Fragile was exactly that - fragile - the sounds were all top end orientated and the low end was hardly there, yet when put on the standard home stereo of the time with the speakers in opposite corners of the room and the bass and treble wound full bore and the loudness control on it sounded magnificient ;\)

That production style became very British IMO for quite some time. Trevor Horn epitomised it later on.

Very different from the warm smooth US sound, your best trademark IMO.

Hey,let's not forget the wonderful artwork ;\)

cheers
john

#511379 03/29/04 04:07 PM
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I sneared at Yes until a bass player friend of mine sat me down and forced me to listen to the live "YesSongs". When I found out that they could play that stuff live, that made a real difference to me, and I went back and checked out the rest of the catalog.

Bill


"I believe that entertainment can aspire to be art, and can become art, but if you set out to make art you're an idiot."

Steve Martin

Show business: we're all here because we're not all there.

#511380 03/29/04 09:32 PM
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Hey, Genesis heads. I like 'Supper's Ready' too, but I don't think the studio version does it justice. Get the box set that has the entire Shrine Auditorium Lamb show. On one of the discs, there's a fantastic version of 'Supper's Ready', complete with one of Gabriel's weird, dry intro stories. Starts with, "Old Henry, walked past the pet shop". Great stuff!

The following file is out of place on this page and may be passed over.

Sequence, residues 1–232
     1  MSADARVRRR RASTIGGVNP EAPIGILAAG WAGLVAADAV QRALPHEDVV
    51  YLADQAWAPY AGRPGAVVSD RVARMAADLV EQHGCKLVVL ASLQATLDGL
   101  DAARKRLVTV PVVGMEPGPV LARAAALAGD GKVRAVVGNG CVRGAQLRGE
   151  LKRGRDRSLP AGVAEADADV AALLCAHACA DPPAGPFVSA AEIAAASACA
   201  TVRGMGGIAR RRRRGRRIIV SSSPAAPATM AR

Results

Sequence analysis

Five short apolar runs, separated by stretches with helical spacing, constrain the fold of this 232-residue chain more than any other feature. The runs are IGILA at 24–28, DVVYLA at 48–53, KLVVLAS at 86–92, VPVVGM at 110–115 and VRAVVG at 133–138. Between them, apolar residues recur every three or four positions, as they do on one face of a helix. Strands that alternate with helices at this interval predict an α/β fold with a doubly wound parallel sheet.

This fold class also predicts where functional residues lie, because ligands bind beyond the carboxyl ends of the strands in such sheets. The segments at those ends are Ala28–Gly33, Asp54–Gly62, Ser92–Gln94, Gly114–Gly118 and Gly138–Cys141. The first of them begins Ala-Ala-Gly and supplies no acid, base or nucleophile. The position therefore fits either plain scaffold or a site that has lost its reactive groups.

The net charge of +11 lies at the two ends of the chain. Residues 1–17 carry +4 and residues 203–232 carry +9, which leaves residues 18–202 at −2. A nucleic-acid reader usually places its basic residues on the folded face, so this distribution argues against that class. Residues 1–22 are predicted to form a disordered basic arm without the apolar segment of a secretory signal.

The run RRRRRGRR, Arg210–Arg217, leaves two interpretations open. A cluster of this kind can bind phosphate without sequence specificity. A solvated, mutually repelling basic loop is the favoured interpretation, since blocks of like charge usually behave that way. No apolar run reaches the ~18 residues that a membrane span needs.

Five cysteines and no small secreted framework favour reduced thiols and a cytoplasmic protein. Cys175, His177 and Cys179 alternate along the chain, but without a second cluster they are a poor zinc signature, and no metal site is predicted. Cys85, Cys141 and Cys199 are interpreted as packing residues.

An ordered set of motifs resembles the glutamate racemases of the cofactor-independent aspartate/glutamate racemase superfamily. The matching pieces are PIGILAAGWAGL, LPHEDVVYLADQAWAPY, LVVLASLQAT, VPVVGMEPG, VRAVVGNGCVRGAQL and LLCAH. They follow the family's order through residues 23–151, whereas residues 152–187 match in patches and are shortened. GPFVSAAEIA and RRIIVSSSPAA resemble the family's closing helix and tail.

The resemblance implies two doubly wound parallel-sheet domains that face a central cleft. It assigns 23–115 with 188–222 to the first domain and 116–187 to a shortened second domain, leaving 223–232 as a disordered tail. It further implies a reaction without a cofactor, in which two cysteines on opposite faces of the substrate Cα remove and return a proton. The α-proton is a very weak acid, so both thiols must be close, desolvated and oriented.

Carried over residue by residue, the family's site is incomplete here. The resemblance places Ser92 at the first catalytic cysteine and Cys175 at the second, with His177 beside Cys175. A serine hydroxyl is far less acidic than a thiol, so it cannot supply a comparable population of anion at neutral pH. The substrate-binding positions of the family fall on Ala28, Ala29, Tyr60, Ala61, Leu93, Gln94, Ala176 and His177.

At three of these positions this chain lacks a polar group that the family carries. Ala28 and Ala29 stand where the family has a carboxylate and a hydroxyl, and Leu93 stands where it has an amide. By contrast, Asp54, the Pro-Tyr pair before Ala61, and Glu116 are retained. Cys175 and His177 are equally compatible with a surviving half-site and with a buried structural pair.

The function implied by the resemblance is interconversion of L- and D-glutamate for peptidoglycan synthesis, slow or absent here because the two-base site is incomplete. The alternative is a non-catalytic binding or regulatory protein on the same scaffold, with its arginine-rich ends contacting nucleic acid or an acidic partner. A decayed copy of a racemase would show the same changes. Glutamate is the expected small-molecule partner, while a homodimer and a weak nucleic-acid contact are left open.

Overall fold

The remaster of 'Seconds Out' is good too. There's a nice jam out of 'I Know What I Like'. Yeah, it's Phil on vocals, but the live band is smokin' at this point, and that's also got an excellent Supper's.

While we're on the classical rock subject, has anyone ever heard 'The Green Album' by Eddie Jobson/Zinc. It's got Gary Green from Gentle Giant on guitar, and I dig it. There's an excellent CD master on the One Way Records, CEMA Capitol Special Markets label. Check it out. Has lots of that phat Yamaha CS-80 synth, some vocoder on one track, and an acoustic piano solo too.

#511381 03/29/04 11:19 PM